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Tuesday, July 23, 2024 | Back issues
Courthouse News Service Courthouse News Service

Blue Shield Owes $419K for Denying Coverage

SAN FRANCISCO (CN) - Blue Shield must pay $419,000 in damages and attorneys' fees to the parents of a boy whom they denied coverage for residential mental health treatment, a federal judge ruled Thursday.

The adoptive parents of a boy described only as Geoffrey F. filed a class action in 2009, claiming Blue Shield denied coverage of residential treatment for Geoffrey's "disruptive behavior disorder" at a wilderness camp and the Island View Residential Center for Adolescents. Blue Shield refused to reimburse the center as the couple's health plan didn't cover residential treatment for mental illnesses.

Challenging the denied reimbursement under the California Mental Health Parity Act, Geoffrey's parents also brought a claim for breach of contract under the Employee Retirement Income Security Act.

In 2014, the U.S. District Judge Yvonne Gonzalez Rogers denied class certification, finding the proposed grouping too broad and ill-defined, and the case went into mediation.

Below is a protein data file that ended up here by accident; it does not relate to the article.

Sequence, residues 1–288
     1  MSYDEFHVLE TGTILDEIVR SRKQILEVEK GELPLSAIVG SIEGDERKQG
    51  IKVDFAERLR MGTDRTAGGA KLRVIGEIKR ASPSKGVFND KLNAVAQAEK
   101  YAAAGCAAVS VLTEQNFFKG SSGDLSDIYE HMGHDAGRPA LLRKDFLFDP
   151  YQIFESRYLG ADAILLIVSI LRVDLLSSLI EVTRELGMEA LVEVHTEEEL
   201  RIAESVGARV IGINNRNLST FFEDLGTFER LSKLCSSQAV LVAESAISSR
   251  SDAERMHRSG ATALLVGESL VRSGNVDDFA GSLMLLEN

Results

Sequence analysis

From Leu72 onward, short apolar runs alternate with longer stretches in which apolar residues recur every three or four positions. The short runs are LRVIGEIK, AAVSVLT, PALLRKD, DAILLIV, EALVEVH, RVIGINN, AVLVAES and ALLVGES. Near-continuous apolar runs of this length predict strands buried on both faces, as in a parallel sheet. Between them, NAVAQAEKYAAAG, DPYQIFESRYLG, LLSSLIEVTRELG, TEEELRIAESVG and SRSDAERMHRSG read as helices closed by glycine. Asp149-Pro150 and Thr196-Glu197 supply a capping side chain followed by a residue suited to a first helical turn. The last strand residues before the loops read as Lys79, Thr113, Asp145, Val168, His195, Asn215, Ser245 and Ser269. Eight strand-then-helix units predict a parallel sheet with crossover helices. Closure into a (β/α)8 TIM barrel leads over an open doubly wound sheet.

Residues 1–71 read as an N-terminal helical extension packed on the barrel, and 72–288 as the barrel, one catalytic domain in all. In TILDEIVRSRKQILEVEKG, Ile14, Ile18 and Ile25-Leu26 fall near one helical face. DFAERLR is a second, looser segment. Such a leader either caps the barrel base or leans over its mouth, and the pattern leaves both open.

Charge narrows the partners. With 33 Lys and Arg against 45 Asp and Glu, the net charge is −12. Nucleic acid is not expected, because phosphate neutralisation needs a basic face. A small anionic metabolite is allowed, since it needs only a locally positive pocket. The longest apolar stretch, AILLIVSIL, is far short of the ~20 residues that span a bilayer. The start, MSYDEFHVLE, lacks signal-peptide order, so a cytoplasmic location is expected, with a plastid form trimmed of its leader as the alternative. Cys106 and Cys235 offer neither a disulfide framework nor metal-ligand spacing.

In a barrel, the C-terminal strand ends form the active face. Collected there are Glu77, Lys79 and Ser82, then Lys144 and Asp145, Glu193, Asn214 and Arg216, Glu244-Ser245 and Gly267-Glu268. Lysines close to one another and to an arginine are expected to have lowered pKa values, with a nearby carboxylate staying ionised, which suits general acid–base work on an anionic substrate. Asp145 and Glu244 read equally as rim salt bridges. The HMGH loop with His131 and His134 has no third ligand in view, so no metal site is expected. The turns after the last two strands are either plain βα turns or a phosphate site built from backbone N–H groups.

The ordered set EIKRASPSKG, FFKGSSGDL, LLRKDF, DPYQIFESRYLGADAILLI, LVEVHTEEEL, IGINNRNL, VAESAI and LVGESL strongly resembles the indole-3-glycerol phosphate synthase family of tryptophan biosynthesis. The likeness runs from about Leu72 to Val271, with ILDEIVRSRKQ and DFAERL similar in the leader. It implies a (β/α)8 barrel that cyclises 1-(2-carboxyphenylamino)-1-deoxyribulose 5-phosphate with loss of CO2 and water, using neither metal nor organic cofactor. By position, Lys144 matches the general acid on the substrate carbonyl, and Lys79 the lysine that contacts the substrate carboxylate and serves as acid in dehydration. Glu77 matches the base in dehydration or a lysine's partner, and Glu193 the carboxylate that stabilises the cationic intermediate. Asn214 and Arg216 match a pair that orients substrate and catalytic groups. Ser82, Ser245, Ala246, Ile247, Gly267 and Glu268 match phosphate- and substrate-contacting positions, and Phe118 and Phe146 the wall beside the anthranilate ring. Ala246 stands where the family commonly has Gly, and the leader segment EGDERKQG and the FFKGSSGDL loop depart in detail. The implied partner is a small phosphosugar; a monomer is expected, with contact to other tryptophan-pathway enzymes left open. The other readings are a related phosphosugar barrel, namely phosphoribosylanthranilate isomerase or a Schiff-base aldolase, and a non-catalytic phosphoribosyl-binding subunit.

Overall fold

In the transpiring years, another case raising similar issues was being decided by the Ninth Circuit. On June 4, 2012, the appellate court ruled in Harlick v. Blue Shield that while Blue Shield was not required to pay for the plaintiff's residential treatment for anorexia under its plan's residential care exclusion, the Parity Act requires an insurer to pay for medically necessary residential treatment.

In March 2015, Blue Shield offered to pay Geoffrey's parents $79,954 - the amount they had to pay Island View out of their own pockets. They didn't respond to the offer, but in August they filed a motion for summary judgment asking for the $79,954, plus $725,000 in attorney's fees.

Gonzalez Rogers granted the damages, writing, "While it is true that Blue Shield offered plaintiffs that amount on more than one occasion during the course of the litigation, and that plaintiffs failed to respond to Blue Shield's offers, those facts are not relevant to the amount of damages that should be awarded."

She also granted attorney's fees, though she slashed the award by half.

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